Chavez Tells Brazil How Mercosur Can Be Put Together Again

Venezuelan president Hugo Chavez is sponsoring a "new configuration" for Mercosur to help overcome the current asymmetries among members which are threatening the cohesion of the block.

"President Chavez made the informal proposal to President Lula da Silva," during his brief visit to Brazil on April 20 when the two leaders shared a late meal, revealed Venezuela’s Communications Minister William Lara.

Venezuela is in the process of becoming a full member of Mercosur, a block which is currently under strong strain because the two smaller members Paraguay and Uruguay are disenchanted with the way Brazil and Argentina are handling affairs, and they are looking for other trade and investment options.

"Venezuela would like to see an equals relation inside Mercosur", advanced Mr. Lara adding that Chavez is proposing a "new integration configuration based in trade complementation and solidarity so as to help overcome the current asymmetries in the integration process".

Chavez initiative will be officially considered next Wednesday during a regional presidential summit in Sao Paulo with the participation of leaders from Venezuela, Argentina and Brazil.

"If this finally takes on it will not only mean the re-launching of Mercosur but also its consolidation and will help as the foundation for the Americas Bolivarian Alternative or ALBA (dawn in Spanish)", an initiative cherished by President Chavez as an option to the United States sponsored Free Trade Association of the Americas.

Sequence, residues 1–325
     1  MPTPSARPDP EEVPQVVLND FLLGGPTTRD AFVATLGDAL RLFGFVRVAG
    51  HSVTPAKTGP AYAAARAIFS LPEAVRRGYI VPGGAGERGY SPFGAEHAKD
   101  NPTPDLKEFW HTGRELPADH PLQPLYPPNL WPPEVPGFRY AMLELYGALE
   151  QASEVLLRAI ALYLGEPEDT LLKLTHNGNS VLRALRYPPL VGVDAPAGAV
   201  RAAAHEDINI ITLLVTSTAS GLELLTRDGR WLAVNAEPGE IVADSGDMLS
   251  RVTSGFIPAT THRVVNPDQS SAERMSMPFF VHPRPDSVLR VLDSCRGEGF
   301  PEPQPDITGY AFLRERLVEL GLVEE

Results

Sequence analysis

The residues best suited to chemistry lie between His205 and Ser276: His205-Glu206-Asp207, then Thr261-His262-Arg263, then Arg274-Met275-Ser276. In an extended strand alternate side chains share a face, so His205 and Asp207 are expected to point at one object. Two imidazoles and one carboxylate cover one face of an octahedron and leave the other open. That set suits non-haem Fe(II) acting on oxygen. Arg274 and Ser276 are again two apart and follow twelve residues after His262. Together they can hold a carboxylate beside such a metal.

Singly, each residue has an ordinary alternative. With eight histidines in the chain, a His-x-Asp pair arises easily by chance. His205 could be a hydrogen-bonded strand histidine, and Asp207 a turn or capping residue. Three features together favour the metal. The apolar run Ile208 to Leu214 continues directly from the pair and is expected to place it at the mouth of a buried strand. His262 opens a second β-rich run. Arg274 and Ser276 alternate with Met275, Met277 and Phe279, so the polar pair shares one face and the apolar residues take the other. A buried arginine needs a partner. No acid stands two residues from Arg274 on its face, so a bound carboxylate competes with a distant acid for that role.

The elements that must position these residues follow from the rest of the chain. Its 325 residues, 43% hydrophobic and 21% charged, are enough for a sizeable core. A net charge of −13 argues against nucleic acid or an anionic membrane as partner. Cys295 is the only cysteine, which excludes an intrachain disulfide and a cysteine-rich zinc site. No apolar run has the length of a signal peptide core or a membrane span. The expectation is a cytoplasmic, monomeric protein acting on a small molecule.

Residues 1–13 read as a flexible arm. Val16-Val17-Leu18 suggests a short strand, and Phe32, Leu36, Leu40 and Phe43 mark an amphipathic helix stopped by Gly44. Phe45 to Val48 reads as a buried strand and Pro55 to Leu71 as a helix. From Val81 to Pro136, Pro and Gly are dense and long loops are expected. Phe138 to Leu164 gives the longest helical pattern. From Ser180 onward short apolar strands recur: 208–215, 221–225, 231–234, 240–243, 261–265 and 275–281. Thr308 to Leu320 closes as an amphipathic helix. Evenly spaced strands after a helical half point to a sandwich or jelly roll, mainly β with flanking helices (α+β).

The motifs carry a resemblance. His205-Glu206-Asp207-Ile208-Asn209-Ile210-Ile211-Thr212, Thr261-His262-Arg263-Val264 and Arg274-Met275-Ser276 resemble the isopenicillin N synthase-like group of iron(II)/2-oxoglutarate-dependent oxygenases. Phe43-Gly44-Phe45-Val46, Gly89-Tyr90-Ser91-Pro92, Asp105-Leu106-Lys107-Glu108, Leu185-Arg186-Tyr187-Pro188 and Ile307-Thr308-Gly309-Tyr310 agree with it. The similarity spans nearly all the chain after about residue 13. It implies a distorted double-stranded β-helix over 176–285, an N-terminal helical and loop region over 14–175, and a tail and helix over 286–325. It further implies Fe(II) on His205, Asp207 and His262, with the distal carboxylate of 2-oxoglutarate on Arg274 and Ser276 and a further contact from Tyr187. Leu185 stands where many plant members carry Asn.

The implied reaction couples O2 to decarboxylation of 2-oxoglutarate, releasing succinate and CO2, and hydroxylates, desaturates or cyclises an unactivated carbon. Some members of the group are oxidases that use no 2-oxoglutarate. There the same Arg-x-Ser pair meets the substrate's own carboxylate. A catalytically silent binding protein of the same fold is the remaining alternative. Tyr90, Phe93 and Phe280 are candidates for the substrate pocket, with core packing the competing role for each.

Last Wednesday Chavez announced Venezuela was abandoning the Andean Community of Nations, CAN, in disagreement with Colombia and Peru’s decision to negotiate and sign bilateral free trade agreements with United States.

"CAN is dead, our option is a new Mercosur", highlighted Mr. Lara quoting on President Chavez’s new regional foreign policy focus.

President Chavez announcement actually sent shockwaves to political and business sectors in Peru, Colombia and Venezuela, which together with Bolivia and Ecuador belong to the block created in 1969.

From Peru, President Alejandro Toledo called on Mr. Chavez "to reconsider his words…I humbly ask him to reconsider the situation".

However the greatest reaction came from Colombia’s private sector. Colombian Industry Confederation president Luis Carlos Villegas said he hoped President Chavez words "are a political statement and not reality".

Colombian president Alvaro Uribe said the issue must be addressed "with extreme calm".

Similarly in Venezuela where the Industry Confederation also expressed concern and cautioned that such a move would have negative consequences for the Venezuelan economy "with a fall in activity and loss of jobs".

Only Bolivian president Evo Morales seemed to agree with Chavez, "I feel CAN is dead", he pointed out.

Trade among CAN countries reached US$ 9 billion in 2005.

Mercopress – www.mercopress.com

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